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Health Workers Lax on Flu Shots



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The Centers for Disease Control and Prevention and 23 other organizations called on health care workers Wednesday to improve their "dismal" rates of flu vaccination to protect vulnerable patients from serious illness and possible death.

Only 36 percent of doctors, nurses and other personnel in hospitals, nursing homes, home health care and emergency medical services get flu shots each year, according to a report by the National Foundation for Infectious Diseases. The report was released Wednesday in Atlanta at a meeting of the CDC's Advisory Committee on Immunization Practices.

An unknown percentage of those who forgo the shot later develop influenza and transmit it to patients, the foundation said. Why so few health care workers get immunized is a puzzle: It is believed that mistaken fears of the vaccine causing flu are partly to blame plus a lack of employer campaigns that make getting the shots easy.

Flu cases among patients, who are likely to be elderly or to have impaired immune systems from illness or treatment, result in longer hospitalizations, illness and death, the group said, citing articles in major medical journals analyzing institutional clusters of flu. In addition, cases of flu among health care workers cause short staffing, which in turn leads to reduced admissions, double shifts among remaining staff and a potential increase in medical errors.

"We are not telling [health care workers] to do this" for themselves, said Dr. Kathleen Neuzil, who represents the American College of Physicians, one of the organizations pushing for the immunizations.. "That is an extra bonus, if you reduce influenza for yourself. What we are really saying is: Do this for the protection of your vulnerable patients."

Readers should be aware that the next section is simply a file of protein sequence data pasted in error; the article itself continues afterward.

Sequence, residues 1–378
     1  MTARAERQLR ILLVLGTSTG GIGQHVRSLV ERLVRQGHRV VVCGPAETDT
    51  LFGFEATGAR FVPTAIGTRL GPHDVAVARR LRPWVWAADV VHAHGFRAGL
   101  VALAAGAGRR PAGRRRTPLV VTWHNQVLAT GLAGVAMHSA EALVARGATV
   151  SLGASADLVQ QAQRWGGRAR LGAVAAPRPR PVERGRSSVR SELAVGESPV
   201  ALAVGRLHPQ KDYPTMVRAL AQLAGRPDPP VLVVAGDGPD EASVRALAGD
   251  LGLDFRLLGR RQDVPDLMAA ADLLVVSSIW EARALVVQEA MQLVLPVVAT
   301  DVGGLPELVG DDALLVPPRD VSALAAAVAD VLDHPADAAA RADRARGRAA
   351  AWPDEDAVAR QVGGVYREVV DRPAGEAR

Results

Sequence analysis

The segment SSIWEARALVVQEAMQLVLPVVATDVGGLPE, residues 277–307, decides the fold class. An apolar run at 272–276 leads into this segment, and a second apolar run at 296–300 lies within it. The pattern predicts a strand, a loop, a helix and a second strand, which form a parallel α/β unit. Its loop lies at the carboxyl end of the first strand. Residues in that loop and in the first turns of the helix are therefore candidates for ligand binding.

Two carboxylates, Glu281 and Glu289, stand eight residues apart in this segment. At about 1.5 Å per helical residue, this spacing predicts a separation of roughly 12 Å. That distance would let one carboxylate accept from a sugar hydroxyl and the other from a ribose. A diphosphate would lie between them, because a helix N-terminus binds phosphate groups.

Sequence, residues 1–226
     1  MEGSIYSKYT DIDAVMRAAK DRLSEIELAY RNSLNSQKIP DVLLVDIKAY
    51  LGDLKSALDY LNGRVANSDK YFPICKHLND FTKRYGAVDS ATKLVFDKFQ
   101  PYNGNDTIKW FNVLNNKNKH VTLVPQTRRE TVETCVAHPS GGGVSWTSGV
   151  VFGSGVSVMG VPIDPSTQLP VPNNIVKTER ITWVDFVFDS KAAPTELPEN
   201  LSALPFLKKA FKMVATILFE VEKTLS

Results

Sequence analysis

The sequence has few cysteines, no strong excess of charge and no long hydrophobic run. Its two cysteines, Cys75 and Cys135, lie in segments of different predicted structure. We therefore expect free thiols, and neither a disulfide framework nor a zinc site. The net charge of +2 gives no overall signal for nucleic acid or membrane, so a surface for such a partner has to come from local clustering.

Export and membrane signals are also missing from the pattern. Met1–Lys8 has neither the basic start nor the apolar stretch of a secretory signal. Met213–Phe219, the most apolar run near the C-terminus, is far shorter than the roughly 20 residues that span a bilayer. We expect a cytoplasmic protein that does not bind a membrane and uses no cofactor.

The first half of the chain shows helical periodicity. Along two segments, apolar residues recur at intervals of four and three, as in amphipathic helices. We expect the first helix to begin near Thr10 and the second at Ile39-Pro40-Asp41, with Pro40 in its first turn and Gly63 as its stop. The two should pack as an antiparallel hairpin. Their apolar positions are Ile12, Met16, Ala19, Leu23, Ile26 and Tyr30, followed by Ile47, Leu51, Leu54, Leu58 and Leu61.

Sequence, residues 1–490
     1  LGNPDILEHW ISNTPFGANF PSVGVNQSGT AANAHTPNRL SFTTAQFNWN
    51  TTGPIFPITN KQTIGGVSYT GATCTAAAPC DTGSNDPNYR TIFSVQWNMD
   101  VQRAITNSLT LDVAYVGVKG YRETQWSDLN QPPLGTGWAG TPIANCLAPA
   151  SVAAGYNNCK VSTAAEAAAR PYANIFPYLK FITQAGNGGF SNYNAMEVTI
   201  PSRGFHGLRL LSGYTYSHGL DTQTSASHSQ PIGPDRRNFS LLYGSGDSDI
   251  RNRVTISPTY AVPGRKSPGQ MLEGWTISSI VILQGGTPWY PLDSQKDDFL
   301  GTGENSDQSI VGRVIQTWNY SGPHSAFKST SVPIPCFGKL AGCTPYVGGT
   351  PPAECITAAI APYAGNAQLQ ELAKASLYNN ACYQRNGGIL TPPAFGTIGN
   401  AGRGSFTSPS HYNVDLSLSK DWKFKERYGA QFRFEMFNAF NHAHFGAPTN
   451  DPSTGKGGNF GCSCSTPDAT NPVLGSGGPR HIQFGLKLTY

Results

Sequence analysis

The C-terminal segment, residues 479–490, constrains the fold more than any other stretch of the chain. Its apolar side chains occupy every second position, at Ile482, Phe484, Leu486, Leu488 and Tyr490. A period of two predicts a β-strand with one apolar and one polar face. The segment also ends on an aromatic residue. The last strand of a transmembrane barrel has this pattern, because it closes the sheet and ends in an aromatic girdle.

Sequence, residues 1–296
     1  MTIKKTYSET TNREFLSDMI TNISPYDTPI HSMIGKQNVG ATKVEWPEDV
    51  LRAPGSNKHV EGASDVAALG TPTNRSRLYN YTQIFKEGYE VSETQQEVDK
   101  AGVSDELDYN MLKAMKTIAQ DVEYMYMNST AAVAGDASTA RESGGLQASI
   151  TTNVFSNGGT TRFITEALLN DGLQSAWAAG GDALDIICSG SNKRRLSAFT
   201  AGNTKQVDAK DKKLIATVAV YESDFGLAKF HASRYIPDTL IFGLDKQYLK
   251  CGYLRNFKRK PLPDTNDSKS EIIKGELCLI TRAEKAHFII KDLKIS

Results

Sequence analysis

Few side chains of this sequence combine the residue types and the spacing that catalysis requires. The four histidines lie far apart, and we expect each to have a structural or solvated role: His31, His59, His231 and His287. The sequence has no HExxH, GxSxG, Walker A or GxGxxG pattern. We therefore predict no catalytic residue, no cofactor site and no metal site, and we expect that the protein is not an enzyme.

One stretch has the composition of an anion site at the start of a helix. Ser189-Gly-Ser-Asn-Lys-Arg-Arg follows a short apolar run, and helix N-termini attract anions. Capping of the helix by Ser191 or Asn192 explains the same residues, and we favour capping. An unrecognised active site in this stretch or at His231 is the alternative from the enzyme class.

The finding that only 36 percent of health care workers get flu shots each year comes from the National Health Interview Survey, an annual CDC survey of a representative sample of the U.S. population. Studies in major medical journalshave confirmed that health care workers continue to work when sick, and spread flu in organ transplant units, neonatal intensive care units, other hospital wards and long-term care facilities, the foundation said.

In an average year, 10 percent to 20 percent of Americans contract influenza. It causes 36,000 deaths and 114,000 hospitalizations in the United States each year, the CDC estimates. Overall, about one-fourth of Americans get a flu shot each year, though in some groups such as the elderly the rate is much higher.

In addition to the CDC, organizations backing the call include medical societies, several large medical institutions and the Service Employees International Union, which represents health care workers.

The CDC plans additional surveillance to determine why health care workers do not take the flu shot, said medical epidemiologist Dr. Raymond Strikas.

Copyright 2004 The Atlanta Journal-Constitution

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